‘Victory of Love’ in the Time of War and Chaos – WWII weddings tell amazing stories of resilience and love

During the Second World War, numerous stories emerged of young people getting married amid all the chaos and destruction. One could argue that in times of war, the only priority must be survival. However, for some, the hope and joy that a loving relationship brings with it, help to overcome the fear and depression of war.

The marriage of Hugh and Audrey Verity is one of these amazing tales about love and relationships during the Second World War. They got married in August 1940 in Gloucestershire, in a simple yet elegant ceremony attended by their close family members and some friends. Madly in love, they were engaged, but, due to Hugh’s training with the RAF while preparing to take part in the war, they had no idea how long they would have to wait until they could get married. Audrey had secured a scholarship to Oxford, but all she could think about was her beloved Hugh and their life together.

One afternoon in August, Audrey called her mother and told her that she wanted to marry Hugh the following week. Her mother approved of her request, though hesitantly, but since the future looked uncertain to everyone living in Europe at that time, she gave Audrey her blessings. She told Audrey that she should make the most of her life, as no one had any idea what the war could bring to him or her. Audrey’s mother decided to make this simple wedding somewhat memorable by getting Hugh an expensive ring.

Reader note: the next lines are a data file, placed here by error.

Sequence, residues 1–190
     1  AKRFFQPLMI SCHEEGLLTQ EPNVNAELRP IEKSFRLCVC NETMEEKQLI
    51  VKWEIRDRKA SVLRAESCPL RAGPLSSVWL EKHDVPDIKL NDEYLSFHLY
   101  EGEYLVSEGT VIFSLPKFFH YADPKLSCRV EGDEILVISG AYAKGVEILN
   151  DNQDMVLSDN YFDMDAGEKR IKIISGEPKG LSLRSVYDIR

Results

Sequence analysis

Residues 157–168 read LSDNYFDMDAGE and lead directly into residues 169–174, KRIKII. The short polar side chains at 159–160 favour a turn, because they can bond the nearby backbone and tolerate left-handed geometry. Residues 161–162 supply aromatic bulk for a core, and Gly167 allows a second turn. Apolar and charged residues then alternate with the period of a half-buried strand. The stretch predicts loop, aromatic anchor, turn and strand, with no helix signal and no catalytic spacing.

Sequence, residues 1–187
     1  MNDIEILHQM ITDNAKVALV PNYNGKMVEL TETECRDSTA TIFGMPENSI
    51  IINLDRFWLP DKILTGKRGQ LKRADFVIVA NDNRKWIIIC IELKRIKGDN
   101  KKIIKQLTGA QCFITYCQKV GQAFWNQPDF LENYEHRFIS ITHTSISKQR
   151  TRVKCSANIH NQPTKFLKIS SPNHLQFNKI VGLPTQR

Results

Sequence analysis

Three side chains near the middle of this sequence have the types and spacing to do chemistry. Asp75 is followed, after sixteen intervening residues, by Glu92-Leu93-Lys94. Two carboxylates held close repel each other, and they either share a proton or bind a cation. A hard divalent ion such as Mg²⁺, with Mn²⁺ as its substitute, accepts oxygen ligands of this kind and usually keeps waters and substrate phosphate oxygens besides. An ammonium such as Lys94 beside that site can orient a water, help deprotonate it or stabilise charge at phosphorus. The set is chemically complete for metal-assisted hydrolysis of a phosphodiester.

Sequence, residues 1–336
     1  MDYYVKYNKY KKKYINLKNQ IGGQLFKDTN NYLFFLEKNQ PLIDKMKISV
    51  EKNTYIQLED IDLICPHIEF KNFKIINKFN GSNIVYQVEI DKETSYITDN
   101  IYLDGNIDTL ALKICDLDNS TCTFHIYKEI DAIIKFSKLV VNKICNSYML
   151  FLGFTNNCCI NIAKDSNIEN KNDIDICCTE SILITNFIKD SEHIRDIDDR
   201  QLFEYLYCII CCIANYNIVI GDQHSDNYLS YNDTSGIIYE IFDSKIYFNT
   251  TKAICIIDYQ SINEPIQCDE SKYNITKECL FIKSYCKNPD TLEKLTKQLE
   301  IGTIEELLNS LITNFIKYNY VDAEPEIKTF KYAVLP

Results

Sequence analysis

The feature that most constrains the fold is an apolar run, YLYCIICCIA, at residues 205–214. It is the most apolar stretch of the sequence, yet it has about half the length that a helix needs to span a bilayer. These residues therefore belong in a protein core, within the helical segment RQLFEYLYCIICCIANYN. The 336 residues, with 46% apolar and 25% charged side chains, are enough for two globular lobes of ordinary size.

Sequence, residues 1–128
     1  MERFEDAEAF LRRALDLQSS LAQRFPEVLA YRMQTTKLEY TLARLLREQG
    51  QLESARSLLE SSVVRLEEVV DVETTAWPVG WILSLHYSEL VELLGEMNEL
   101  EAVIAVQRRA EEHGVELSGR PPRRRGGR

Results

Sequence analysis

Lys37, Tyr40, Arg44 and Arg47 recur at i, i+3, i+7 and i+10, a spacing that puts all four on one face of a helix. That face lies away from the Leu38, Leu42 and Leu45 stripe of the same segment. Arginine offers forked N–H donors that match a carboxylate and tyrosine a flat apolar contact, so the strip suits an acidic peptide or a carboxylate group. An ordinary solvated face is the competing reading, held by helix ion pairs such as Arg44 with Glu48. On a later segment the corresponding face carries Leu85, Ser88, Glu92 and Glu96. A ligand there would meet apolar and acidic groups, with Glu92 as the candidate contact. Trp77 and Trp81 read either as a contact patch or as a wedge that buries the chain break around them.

Another wedlock appeared out of the smoke and ruins of the Second World War, in May 1944 in North London. Ida and Cecil Nixon had got engaged a couple of years prior to their wedding, in 1942. Cecil had a very crucial job as an electrical engineer in the Royal Navy, whereas Ida was a film and theatre dancer. Unlike any other wedding night, Ida’s wedding night did not turn out to be very romantic. She spent the whole night on ‘fire-watch’ with her father, as this was at the height of WWII and everyone had to perform his or her duty.

Their wedding, like most during the war, was arranged in a hurry. Cecil was sent home to get an operation done, and after his short treatment at hospital, he saw a window of opportunity. Metal was scarce due to the war, but Cecil managed to get his hands on a beautiful ring for his bride. Ida performed in films and theatres as a dancer; therefore, there was no shortage of fancy dresses and metallic props in her house. Ida’s mother created a very beautiful white dress out of her fancy dance outfits. Ida helped her mother prepare the wedding gown, with her sewing machine that her mother had given her as a present for her birthday a few months before. There were not many people at the wedding; most of the 40 attendees were too old to be actively involved in the war, hence they were available for the wedding ceremony, The Guardian reports.

Shortly after their wedding, the newly wed couple drove to Henley-on-Thames (in a borrowed car) to spend a couple of nights at the Catherine Wheel Hotel. Later they named their second child Catherine, after the hotel where they had spent their honeymoon. The couple led a happy life, with two children. Cecil died in 1977 when he was only 60. Ida died later, in the year 2008, aged 87.

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Ian Harvey

Ian Harvey is one of the authors writing for WAR HISTORY ONLINE